To attract and maintain a diverse, qualified academic workforce, institutions of higher education should have — and promote — policies to help balance career and family life, according to an article published by UC Davis researchers in the June 2013 issue of Academic Medicine.
Policies allowing medical school faculty to care for family while advancing their careers are more available today than ever before, the authors said in the article. Yet these policies are also underused, primarily because faculty members do not know they exist.
Based on the outcomes of a comprehensive communications intervention conducted at UC Davis, the authors outline tactics that are effective in increasing awareness of family-friendly career policies.
“Brochures or web pages about work-life balance are a good first step but not enough,” said Amparo Villablanca, a professor at UC Davis School of Medicine and lead author of the paper. “It truly takes a culture shift where accommodations for family care are clearly communicated, encouraged, supported and accepted to ensure that family-friendly policies are both understood and utilized.”
In addition to being a leader in cardiovascular medicine, Villablanca has a long track record of encouraging organizational changes that support women who are committed to both their careers and their families. She and Lydia Howell, chair of the Department of Pathology and Laboratory Medicine, and Laurel Beckett, chief of the Division of Biostatistics in the UC Davis Department of Public Health Sciences, were one of just 14 teams nationwide who received grants from the National Institutes of Health (NIH) for research on factors that influence the careers of women. The goals were to identify ways to overcome gender differences in career paths and needs and to stem the attrition of women from science and engineering.
The NIH funding was a response to the National Academy of Science report that showed, despite gender parity in scientific undergraduate and graduate programs, representation of women decreases with each step up the tenure-track and academic leadership hierarchy. The report also suggested that providing more support for working parents could be an effective strategy to keep women in the academic pipeline.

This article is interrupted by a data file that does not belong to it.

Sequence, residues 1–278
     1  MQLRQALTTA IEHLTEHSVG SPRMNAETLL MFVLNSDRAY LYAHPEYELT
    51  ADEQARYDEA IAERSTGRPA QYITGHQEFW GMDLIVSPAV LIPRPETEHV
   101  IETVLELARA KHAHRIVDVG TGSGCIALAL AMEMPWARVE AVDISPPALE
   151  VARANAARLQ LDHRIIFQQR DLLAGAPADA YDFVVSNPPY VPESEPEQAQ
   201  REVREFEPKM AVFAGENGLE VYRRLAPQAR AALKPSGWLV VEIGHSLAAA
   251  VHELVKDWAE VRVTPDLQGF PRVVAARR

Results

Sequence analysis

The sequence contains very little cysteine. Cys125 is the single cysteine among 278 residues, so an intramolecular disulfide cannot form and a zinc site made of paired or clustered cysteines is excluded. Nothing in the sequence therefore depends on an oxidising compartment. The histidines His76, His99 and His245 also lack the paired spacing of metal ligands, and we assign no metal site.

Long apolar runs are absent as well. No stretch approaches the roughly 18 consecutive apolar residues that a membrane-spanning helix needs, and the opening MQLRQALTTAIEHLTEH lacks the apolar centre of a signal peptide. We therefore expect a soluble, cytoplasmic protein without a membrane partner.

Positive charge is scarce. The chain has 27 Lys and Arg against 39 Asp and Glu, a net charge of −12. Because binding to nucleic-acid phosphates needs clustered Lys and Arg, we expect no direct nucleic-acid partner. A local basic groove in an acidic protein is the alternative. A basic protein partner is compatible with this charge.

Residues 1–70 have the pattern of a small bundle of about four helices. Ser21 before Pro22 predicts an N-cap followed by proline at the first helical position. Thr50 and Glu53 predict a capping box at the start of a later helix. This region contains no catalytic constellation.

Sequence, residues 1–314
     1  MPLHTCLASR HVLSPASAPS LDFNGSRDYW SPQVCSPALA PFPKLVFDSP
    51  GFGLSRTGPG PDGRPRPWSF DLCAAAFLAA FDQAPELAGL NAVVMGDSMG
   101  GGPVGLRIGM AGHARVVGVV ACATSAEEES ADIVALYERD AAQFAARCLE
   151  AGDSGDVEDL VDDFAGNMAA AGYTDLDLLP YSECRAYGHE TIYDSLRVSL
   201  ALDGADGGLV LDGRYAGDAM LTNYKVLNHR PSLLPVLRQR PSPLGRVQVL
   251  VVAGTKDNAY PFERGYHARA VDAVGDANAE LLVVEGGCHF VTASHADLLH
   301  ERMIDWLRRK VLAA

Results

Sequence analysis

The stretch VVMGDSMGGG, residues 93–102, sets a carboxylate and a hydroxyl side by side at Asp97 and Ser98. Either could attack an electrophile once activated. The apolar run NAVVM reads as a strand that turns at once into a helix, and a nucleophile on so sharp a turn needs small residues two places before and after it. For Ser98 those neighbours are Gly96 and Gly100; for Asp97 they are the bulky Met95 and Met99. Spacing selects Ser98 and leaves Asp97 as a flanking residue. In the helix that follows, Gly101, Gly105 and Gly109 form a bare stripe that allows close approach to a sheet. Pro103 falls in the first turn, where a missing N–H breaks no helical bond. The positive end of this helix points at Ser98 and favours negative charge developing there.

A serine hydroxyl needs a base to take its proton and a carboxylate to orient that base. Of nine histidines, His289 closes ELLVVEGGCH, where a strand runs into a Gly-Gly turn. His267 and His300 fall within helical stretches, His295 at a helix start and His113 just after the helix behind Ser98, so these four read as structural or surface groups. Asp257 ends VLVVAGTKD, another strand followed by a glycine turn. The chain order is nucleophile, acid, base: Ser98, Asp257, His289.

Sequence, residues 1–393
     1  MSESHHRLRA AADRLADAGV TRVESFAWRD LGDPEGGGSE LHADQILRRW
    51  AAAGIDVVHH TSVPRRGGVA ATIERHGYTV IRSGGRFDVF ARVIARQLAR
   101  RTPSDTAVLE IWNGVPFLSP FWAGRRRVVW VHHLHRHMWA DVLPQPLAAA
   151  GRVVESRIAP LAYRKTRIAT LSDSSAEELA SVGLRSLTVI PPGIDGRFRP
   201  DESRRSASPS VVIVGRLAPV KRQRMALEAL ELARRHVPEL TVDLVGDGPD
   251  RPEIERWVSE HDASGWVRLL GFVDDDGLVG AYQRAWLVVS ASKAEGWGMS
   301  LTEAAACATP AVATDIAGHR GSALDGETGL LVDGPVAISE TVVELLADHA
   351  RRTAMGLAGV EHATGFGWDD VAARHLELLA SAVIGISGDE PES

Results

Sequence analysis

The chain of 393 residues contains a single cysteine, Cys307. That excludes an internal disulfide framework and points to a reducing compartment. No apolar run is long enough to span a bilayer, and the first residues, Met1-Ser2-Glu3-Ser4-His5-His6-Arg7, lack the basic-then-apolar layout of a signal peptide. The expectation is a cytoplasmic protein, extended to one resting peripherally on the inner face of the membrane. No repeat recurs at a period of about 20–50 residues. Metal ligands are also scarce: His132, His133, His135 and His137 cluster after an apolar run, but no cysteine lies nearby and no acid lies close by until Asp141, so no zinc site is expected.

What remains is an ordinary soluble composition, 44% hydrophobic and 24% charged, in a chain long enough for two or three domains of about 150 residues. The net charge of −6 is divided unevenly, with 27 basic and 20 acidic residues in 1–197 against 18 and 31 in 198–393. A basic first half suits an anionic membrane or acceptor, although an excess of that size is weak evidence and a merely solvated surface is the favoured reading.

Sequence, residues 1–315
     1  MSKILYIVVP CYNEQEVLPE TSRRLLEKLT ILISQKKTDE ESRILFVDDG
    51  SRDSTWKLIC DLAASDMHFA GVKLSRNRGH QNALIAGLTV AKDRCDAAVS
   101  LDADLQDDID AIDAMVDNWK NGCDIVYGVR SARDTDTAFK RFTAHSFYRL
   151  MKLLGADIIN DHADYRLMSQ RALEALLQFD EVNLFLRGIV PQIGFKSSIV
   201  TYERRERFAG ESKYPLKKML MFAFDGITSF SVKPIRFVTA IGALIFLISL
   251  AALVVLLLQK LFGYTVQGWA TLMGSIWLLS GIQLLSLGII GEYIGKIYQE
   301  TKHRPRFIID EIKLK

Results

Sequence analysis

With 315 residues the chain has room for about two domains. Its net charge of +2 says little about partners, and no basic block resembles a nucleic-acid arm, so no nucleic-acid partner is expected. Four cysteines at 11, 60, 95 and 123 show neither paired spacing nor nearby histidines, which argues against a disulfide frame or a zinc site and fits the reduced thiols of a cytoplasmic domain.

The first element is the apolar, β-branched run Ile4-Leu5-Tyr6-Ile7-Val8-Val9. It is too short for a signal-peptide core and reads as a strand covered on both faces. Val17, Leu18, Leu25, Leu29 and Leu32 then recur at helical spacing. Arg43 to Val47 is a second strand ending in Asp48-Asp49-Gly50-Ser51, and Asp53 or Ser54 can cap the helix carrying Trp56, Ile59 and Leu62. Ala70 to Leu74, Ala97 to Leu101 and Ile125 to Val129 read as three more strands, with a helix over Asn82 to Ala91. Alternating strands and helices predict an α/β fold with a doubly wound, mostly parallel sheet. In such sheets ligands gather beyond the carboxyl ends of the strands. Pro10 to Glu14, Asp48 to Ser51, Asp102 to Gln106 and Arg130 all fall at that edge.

Villablanca and colleagues’ initial research focused on evaluating the influence of family-friendly policies on the career trajectories and success of women faculty in medicine. As part of their investigation, they surveyed more than their UC Davis colleagues in the School of Medicine, School of Veterinary Medicine and College of Biological Sciences and found very low awareness of the university’s flexible career policies, which have in been place for more than two decades.
“UC Davis has been a leader and national model for career policies that allow faculty to care for family while maintaining their career paths,” said Villablanca. “It was disappointing to discover that so many of our faculty didn’t even know the opportunity existed.”
Those who were aware of the policies were not inclined to use them due to confusion over eligibility, fear of limiting their promotional opportunities, reactions of colleagues or concerns about increasing their colleagues’ workloads.
Villablanca and her research colleagues then developed and implemented in 2010 and again in 2011 a comprehensive promotional effort focused on raising awareness of the availability and benefits of flexible career policies and reducing barriers to their use. Their approach, reported in the current article, included:
Offering faculty workshops and grand rounds presentations
Designating faculty liaisons in each department to provide guidance on family-friendly career policies
Making presentations to leadership
Providing broad, current resources via public and internal websites, social media and print communications
The overall theme of all these activities was to present career-flexibility policies as something faculty were entitled to and an important part of their academic career satisfaction.
A follow-up survey showed that the intervention was effective in significantly increasing both awareness of flexible-career policies and in reducing barriers to their use, especially barriers related to overburdening colleagues.
“It’s clear that gaining acceptability, comfort with and willingness to use career-flexibility options takes a culture-shifting communications campaign,” said Howell. “Organizations need to do more than just adopt policies. They need to demonstrate a clear commitment to them as well.”
Villablanca, Howell and Beckett will conduct another assessment in the fall of 2013 to determine if their communications program led to increased professional and personal satisfaction and improved retention for UC Davis faculty. Their hope is to develop a model for policy development and communication that could be applied in a variety of settings.
“Our intervention could be useful well beyond UC Davis and academia for organizations interested in strategic tools that can help attract and retain top talent,” said Villablanca.
In addition to Villablanca, Howell and Beckett, a study co-author was Jasmine Nettiksimmons, who was with the UC Davis Clinical and Translational Science Center when the study was conducted and is currently at UC San Francisco.
A copy of “Improving Knowledge, Awareness and Use of Flexible Career Policies Through an Accelerator Intervention at the University of California, Davis, School of Medicine” is available by e-mailing Mary Beth de Vilbiss at Academic Medicine at email@example.com.